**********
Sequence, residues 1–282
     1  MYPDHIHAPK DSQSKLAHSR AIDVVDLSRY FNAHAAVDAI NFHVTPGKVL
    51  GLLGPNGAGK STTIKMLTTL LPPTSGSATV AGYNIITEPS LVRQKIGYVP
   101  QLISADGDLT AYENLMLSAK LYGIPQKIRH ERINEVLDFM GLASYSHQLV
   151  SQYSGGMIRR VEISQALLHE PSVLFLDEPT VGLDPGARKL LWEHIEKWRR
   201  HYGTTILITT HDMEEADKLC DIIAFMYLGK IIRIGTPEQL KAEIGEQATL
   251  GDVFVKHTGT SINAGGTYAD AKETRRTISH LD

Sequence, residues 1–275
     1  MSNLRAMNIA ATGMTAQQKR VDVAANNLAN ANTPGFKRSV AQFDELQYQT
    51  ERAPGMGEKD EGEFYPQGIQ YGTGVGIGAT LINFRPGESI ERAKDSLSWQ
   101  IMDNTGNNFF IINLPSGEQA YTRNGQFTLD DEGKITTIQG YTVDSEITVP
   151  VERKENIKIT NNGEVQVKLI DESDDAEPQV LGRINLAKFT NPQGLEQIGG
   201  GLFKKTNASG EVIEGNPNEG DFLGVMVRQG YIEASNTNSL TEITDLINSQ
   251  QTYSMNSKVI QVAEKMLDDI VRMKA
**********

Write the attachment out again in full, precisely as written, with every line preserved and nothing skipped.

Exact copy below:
Sequence, residues 1–282
     1  MYPDHIHAPK DSQSKLAHSR AIDVVDLSRY FNAHAAVDAI NFHVTPGKVL
    51  GLLGPNGAGK STTIKMLTTL LPPTSGSATV AGYNIITEPS LVRQKIGYVP
   101  QLISADGDLT AYENLMLSAK LYGIPQKIRH ERINEVLDFM GLASYSHQLV
   151  SQYSGGMIRR VEISQALLHE PSVLFLDEPT VGLDPGARKL LWEHIEKWRR
   201  HYGTTILITT HDMEEADKLC DIIAFMYLGK IIRIGTPEQL KAEIGEQATL
   251  GDVFVKHTGT SINAGGTYAD AKETRRTISH LD

Sequence, residues 1–275
     1  MSNLRAMNIA ATGMTAQQKR VDVAANNLAN ANTPGFKRSV AQFDELQYQT
    51  ERAPGMGEKD EGEFYPQGIQ YGTGVGIGAT LINFRPGESI ERAKDSLSWQ
   101  IMDNTGNNFF IINLPSGEQA YTRNGQFTLD DEGKITTIQG YTVDSEITVP
   151  VERKENIKIT NNGEVQVKLI DESDDAEPQV LGRINLAKFT NPQGLEQIGG
   201  GLFKKTNASG EVIEGNPNEG DFLGVMVRQG YIEASNTNSL TEITDLINSQ
   251  QTYSMNSKVI QVAEKMLDDI VRMKA